Mayor Dennis Phillips is apparently so fed up, he suggested last week the city send a letter to RedFlex canceling the contract signed late last year.
"We were told December 31, then March 15 and now April 30. This is something we have been harping on well over a year," Phillips said.
"If this company can't perform, at what point do we say enough is enough? We are the laughingstock when we do things like this."
Former Police Chief Mark Addington started the project and made his first public statements about it in early 2005.
Since that time, the department has continued to study the possibility of putting cameras at intersections to catch drivers running red lights.
Last year, the Kingsport Police Department finally got the project out to bid and accepted a proposal from RedFlex.
City leaders signed the contract with the Arizona- based company in November.
Deputy Police Chief David Quillin said at the time that the company indicated the cameras would be up and running within 60 days of signing the contract.
That time frame has come and gone nearly twice, and no cameras are installed yet.
Quillin said the delay is due to the method RedFlex uses to code the tickets and how those are matched to the information in the system.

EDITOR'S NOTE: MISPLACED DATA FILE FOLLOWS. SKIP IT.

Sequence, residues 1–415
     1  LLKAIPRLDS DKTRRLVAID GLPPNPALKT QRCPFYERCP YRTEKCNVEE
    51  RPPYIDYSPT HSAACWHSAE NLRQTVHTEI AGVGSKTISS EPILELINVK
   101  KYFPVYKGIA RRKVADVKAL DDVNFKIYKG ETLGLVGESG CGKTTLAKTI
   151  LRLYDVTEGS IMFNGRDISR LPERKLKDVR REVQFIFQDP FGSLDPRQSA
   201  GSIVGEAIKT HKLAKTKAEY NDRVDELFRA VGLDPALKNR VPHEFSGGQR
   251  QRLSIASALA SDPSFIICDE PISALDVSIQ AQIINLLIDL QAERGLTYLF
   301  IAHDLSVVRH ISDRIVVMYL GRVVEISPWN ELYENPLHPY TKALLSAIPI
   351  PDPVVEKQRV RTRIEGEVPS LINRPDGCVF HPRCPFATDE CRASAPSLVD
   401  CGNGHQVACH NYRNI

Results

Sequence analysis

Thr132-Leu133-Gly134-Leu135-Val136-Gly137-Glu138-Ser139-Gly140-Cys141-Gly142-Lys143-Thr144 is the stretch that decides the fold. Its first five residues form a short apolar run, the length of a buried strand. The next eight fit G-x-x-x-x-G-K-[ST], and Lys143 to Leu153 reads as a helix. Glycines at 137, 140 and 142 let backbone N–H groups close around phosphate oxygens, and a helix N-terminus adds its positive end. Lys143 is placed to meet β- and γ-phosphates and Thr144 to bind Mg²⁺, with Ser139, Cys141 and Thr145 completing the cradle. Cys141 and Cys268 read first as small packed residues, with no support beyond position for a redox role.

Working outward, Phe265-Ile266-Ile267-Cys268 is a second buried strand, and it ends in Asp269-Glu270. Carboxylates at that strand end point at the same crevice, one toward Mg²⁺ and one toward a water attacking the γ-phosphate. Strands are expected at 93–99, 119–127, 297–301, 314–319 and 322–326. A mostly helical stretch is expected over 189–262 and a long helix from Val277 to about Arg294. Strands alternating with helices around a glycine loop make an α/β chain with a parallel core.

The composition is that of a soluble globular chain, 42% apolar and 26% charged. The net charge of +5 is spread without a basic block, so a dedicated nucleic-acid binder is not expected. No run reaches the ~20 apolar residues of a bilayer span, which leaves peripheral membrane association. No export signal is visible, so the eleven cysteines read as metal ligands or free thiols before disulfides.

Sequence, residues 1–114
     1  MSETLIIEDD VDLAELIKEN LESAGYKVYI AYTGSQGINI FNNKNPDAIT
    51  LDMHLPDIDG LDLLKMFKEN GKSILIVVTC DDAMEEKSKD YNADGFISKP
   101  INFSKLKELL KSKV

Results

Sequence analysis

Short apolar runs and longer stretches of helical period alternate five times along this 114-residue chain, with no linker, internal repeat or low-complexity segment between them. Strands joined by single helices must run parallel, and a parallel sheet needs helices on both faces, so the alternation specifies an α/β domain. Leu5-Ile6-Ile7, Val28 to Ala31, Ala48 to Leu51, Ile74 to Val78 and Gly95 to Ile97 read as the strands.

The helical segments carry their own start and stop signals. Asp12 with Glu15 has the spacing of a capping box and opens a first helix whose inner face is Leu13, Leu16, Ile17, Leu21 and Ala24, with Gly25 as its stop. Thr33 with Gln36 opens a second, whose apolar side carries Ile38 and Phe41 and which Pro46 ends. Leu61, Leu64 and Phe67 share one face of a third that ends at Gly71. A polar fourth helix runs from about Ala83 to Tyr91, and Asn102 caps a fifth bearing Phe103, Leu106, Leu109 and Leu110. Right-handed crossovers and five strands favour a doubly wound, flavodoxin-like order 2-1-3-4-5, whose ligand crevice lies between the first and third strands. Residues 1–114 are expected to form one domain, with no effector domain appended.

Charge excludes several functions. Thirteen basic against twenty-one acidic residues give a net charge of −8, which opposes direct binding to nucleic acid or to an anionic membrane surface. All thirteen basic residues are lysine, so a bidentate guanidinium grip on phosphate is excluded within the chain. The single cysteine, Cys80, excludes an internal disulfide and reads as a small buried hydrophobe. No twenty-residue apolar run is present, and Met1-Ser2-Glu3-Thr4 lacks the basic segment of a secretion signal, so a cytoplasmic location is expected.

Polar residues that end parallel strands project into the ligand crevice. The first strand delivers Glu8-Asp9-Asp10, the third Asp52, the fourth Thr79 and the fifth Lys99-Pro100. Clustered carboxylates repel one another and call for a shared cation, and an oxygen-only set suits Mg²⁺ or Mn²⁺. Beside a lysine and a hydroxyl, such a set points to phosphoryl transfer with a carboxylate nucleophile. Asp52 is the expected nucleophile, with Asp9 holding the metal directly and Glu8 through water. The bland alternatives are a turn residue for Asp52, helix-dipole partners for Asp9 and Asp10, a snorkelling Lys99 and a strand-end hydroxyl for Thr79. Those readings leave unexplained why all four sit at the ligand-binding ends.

"There are certain requirements mandated by the state dealing with lock box operations and things on the financial end," Quillin said.
RedFlex currently uses a bar code system to code its tickets in other cities, but financial institutions in Tennessee don't use bar codes. Instead, they use a more current system called optical character recognition, Quillin said.
"Modifications had to be made by RedFlex to meet those requirements," Quillin said.
That work is progressing, and Quillin said he anticipates the program going forward.
Interim Police Chief Gale Osborne said the department has arranged for RedFlex representatives to be at the March 19 Board of Mayor and Aldermen work session to update the board on the holdup.